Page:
From customer satisfaction to revenue, SaaS companies have many factors to worry about when it comes to keeping their business not only afloat, but also thriving. One such factor: What is your churn rate, and what can you do to decrease it? Reality check: these are critical questions, but they don’t have such a straightforward answer.
In a perfect world, your churn rate is, well, perfect. That could mean zero churn, or churn just on the accounts that maybe weren’t a perfect fit from day one. But we all know that’s not often the case. Challenges arise with bleed points for customers, renewal periods can result in a massive uptick in churn, and sometimes, it’s just hard to understand what it is that’s motivating your customers to stay — or churn.
Although there is no one single agreed-upon answer of what makes a churn rate ‘good’, or even ‘acceptable’, there are a couple of widely utilized ways of measuring churn: dollar churn rate and logo churn rate. Dollar churn rate is calculated in dollars lost (whether from customers downgrading or terminating), and logo churn rate is calculated in number of customers lost.
Other Factors to Consider
Depending on your source, the acceptable range for rate of churn for SaaS companies is about five to ten percent annually. However, churn rate should not be the only factor a company uses to assess its success. Businesses should also take note of their customer growth rate, the expected customer lifetime (how long they will remain your customer), and customer lifetime value. In other words, a lower churn rate is more desirable, but a higher one does not necessarily demonstrate a company’s inability to sustain successful operations.
There are many factors to consider if your churn rate is keeping you up at night. What is the typical buying behavior of your target customer or your average customer? Is there a seasonal aspect to your business or an expectation of repeat purchases? Depending on your answers to these questions and more, that five to ten percent average may or may not apply to your business and your customers. But, if your churn rate is higher than your rate of new customer acquisitions and upgrades, this is cause for concern. Here are a few things to look for when evaluating if your business plan is in need of restructuring:
- Your churn rate increases monthly or annually
- Your churn rate increases at each renewal period (checking in with your customers can really help with this one)
- The value of customers who leave your business is equal to or greater than that of those you acquire
- You have a low Lifetime Value (unless that fits your business model).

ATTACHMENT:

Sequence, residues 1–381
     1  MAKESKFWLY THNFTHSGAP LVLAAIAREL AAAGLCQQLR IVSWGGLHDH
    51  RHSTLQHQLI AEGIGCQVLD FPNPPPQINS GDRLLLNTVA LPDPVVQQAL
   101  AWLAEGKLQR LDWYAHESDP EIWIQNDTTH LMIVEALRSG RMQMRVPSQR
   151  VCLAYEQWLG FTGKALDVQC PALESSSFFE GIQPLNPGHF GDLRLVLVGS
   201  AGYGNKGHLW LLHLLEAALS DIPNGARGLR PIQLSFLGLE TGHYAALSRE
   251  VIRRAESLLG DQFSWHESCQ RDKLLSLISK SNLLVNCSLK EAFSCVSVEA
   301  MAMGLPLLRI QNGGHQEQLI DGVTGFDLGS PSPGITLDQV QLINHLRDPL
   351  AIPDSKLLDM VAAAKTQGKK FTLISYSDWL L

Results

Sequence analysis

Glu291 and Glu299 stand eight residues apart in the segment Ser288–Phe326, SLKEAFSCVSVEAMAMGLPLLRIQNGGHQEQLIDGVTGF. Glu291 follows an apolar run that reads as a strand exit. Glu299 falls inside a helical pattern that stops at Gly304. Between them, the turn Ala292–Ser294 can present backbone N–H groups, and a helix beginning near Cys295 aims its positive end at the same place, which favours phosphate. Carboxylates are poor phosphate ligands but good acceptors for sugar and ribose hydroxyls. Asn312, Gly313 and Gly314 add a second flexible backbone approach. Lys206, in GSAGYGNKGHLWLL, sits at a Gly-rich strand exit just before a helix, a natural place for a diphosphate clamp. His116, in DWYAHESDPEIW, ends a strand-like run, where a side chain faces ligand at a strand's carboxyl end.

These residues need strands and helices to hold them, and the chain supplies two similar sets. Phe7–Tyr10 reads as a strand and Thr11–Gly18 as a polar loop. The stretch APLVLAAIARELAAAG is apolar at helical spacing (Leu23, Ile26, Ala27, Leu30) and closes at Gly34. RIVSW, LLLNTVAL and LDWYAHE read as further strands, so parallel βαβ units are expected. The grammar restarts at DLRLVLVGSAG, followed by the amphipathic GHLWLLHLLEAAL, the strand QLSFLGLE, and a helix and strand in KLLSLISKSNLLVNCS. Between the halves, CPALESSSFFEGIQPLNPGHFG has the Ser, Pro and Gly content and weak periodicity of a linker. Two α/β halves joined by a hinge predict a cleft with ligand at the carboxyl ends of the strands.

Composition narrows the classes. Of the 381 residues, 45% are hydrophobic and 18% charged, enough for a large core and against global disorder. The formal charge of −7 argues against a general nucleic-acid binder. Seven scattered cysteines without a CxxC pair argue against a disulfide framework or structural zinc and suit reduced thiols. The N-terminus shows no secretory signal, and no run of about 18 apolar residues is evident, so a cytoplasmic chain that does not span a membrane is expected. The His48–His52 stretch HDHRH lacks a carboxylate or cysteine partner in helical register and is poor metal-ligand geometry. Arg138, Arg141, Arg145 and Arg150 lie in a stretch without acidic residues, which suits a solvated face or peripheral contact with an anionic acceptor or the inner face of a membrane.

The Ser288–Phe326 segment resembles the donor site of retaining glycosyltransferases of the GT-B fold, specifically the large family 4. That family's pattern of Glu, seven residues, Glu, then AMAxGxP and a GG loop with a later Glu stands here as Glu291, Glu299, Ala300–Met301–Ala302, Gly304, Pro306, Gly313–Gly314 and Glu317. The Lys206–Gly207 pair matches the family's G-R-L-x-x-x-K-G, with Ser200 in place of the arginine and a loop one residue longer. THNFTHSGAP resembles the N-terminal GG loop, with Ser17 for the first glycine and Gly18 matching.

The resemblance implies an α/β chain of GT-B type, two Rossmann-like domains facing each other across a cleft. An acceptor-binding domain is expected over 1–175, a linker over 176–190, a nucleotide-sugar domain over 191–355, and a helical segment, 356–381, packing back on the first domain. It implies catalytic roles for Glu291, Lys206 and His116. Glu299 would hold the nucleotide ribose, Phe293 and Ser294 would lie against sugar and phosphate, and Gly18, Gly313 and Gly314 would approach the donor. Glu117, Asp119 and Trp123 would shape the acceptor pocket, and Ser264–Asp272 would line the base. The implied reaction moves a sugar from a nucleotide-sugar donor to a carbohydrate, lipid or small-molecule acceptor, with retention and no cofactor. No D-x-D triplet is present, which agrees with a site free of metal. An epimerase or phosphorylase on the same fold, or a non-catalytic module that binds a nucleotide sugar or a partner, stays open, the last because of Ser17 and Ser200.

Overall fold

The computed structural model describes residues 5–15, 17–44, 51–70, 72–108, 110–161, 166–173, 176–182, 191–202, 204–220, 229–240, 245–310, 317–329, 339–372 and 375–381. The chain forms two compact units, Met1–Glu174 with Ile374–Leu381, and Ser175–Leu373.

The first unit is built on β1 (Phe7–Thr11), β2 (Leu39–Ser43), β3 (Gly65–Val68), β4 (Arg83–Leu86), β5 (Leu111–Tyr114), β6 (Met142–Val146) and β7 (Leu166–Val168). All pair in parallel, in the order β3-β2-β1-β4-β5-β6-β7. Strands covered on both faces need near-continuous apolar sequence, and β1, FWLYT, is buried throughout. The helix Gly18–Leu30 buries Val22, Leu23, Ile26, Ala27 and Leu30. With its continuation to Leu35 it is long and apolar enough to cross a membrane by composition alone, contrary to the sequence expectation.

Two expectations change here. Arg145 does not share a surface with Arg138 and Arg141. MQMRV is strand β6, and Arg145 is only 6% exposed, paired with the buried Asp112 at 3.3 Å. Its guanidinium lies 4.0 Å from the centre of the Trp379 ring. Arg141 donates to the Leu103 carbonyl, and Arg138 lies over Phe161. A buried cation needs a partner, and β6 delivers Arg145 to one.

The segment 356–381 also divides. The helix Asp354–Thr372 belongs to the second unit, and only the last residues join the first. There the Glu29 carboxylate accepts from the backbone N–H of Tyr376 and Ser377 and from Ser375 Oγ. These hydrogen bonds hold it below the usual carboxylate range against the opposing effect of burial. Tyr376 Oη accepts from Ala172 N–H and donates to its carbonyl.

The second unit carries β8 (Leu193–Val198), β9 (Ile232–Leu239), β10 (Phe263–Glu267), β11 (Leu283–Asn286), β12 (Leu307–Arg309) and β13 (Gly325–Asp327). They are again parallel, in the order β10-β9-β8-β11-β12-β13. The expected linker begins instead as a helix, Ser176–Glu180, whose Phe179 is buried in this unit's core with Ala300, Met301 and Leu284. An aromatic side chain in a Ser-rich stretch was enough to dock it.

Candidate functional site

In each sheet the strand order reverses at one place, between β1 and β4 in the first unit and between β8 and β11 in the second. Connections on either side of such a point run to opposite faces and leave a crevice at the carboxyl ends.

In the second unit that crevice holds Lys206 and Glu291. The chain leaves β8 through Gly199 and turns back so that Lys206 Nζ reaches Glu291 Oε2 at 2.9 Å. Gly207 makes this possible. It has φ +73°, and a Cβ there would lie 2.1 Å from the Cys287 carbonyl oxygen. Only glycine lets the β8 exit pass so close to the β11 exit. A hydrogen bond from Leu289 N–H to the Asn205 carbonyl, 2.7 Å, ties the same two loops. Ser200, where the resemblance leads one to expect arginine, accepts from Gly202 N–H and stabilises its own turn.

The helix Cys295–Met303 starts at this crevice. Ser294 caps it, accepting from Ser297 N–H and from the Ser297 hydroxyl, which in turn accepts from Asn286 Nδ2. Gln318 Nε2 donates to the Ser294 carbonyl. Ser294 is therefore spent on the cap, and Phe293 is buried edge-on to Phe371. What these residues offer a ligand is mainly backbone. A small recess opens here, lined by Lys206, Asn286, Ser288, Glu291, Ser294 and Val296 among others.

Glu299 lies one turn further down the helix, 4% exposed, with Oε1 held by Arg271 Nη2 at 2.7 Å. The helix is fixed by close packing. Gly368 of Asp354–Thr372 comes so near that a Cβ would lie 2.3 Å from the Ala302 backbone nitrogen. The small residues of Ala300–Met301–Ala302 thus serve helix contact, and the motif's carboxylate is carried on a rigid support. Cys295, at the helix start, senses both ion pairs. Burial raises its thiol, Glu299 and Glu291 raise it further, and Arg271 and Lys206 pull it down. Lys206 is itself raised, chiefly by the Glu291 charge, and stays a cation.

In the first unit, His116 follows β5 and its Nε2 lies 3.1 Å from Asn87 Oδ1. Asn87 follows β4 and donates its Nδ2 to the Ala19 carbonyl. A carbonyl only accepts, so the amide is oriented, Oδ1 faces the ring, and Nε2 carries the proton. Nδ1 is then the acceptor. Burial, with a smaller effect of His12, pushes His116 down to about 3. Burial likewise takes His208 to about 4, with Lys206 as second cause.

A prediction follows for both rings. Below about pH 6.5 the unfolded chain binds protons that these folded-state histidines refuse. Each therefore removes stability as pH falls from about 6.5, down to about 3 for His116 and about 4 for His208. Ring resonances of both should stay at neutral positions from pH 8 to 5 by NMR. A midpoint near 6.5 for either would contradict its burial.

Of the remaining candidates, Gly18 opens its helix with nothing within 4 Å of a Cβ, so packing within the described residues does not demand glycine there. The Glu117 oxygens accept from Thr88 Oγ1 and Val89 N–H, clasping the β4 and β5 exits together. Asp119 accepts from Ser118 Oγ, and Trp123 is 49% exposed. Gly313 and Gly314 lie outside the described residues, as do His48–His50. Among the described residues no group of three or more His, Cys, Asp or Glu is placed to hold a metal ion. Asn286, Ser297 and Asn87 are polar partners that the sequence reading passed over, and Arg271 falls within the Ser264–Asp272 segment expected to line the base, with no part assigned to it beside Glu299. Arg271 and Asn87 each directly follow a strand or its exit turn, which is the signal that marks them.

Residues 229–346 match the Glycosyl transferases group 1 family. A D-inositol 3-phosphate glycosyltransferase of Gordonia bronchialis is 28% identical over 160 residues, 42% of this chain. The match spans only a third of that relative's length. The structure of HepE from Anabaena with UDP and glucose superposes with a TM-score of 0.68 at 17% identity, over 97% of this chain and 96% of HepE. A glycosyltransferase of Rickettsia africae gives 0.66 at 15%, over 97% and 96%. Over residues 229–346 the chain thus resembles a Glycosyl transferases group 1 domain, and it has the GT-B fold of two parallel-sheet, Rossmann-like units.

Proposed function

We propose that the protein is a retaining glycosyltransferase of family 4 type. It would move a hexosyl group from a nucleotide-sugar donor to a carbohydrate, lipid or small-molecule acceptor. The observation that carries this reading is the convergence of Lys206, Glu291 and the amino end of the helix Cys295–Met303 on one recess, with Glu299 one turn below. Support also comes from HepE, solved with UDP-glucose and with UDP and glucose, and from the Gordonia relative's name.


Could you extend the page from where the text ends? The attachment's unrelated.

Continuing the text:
As Customer Success rockstar Lincoln Murphy puts it, “Honestly, there’s nothing magical to reducing churn, it’s just ensuring that your customers continue to realize value from your service.” Once a company is able to understand how and why it is losing customers, it is then able to improve any associated factors that are within its control. According to the Harvard Business Review, increasing customer retention rates by just five percent can increase profits by anywhere from 25 percent to 90 percent. Not to mention: acquiring a new customer is five to 25 times more expensive than retaining one.
Although your churn rate can be indicative of the status of your business, it’s not the be-all end-all metric for your business’s health. Some businesses expect a high churn rate and can still be successful with that model, and on the flip side, a myriad of other issues can plague a business with even the most enviably low churn rate. Use churn rate to help you better forecast and analyze your business’s health and the rate at which your customers realize the value of your product or service — or don’t.
Determining Your Churn Rate
Already calling your analytics department for help determining your current churn rate? Put that phone down. At its core, it’s a simple formula. Simply subtract the number of customers at the end of any given period from the customers you started that period with. Divide that number by the users at the beginning of the period. That’s your logo churn rate.
The above formula is extremely basic — you’ll want to dive into monthly, annual, and probable monthly churn, all of which are more involved, nuanced formulas. But you’ve got to understand where you are to map where you’re going — the above formula provides an easy way to check the pulse of your current churn. Similarly, calculate your dollar churn rate by replacing the number of customers with revenue earned during the time period you’re measuring, and follow the same logic.
At the End of the Day
Understanding your churn rate is the first step in optimizing it. Along the way, you’ll encounter valuable information regarding customer pain points — at what point they’re leaving your business or not renewing, what’s getting in the way of adoption, understanding usage patterns, and more.
It makes the Customer Success nerd in us jump for joy. Understanding the journey from onboarding to advocacy can result in reduced churn, quicker Time to Value, and increased rates of adoption and renewal. It really is all connected — and it can all start with understanding your churn rate.